A recent study known as the Colorado Thyroid Disease Prevalence Study, found that 13 million Americans may have undiagnosed thyroid conditions, and suggested that more widespread thyroid testing is needed. Among their findings are the fact that 9.9 percent of the population had a thyroid abnormality that had gone unrecognized. An underactive thyroid — hypothyroidism — affects more women than men, and the risk increases with age for both men and women. Clearly, there is a need for more widespread thyroid stimulating hormone (TSH) testing and more aggressive treatment, especially for subclinical patients. Additionally, another study, called the NHANES study, showed that the reference ranges (for TSH) in most laboratories are too wide. Furthermore, relying on the TSH (being in the normal range) as the only way to define hypothyroidism may mean that still more millions are hypothyroid, but undiagnosed and overlooked.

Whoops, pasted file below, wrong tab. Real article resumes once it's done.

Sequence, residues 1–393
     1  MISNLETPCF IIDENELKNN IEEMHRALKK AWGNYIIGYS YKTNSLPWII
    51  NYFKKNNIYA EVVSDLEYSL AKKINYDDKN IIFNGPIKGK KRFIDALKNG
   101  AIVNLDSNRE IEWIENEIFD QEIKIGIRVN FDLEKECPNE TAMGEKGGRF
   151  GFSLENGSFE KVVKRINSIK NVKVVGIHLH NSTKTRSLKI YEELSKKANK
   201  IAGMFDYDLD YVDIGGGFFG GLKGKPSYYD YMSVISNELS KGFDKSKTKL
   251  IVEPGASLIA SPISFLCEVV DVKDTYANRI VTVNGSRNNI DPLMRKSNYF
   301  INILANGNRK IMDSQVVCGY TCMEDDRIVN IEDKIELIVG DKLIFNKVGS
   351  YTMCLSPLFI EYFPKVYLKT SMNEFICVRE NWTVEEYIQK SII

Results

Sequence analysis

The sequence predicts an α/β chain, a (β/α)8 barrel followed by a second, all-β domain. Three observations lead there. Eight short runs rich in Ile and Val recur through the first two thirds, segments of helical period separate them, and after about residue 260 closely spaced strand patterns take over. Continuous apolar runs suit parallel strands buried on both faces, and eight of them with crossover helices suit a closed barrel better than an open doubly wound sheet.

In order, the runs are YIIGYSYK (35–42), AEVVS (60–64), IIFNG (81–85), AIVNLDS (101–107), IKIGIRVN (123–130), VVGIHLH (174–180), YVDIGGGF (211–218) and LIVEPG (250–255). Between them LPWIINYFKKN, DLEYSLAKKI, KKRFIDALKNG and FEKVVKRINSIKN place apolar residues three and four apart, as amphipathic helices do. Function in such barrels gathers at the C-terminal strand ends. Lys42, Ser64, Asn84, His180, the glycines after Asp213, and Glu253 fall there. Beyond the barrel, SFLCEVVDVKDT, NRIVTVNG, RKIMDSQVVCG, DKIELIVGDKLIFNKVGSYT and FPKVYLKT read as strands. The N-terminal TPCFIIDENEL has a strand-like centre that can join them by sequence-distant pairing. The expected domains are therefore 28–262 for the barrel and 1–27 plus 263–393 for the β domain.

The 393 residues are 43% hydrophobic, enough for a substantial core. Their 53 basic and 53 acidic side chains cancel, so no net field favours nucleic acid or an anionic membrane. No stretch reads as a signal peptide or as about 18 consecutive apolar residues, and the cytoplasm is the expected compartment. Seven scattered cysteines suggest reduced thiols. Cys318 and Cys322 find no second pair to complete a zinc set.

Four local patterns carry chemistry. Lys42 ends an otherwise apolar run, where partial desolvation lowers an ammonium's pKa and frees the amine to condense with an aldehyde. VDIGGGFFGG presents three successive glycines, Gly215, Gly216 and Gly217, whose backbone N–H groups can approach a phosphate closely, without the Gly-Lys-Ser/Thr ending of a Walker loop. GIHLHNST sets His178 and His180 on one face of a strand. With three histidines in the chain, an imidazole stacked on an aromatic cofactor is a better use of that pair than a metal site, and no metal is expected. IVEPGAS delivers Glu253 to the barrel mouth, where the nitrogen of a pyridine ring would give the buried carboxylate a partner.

A thorough workup of the thyroid axis should include an assessment of the adrenal axis as well. Of course a history (dry skin, hair loss, constipation, weight gain, brittle nails, irregular menses, muscle weakness, sensitivity to cold, recurrent upper respiratory tract infections, depression, low energy, hoarseness, elevated cholesterol), physical exam, body temperatures, and lab testing (TSH, free T4 , Free T3, reverse T3) are part of a complete evaluation.
Finally, another new study (of 17, 684 people) showed that when one is on thyroid hormone, an optimal dose is one that keeps the TSH very low, but not completely suppressed. This reduces risks of cardiovascular complications and fractures. These results are surprising, but the study was quite strong in design. (J. Clin Endocrinology Metab, Jan 2010, 951(1):185-193).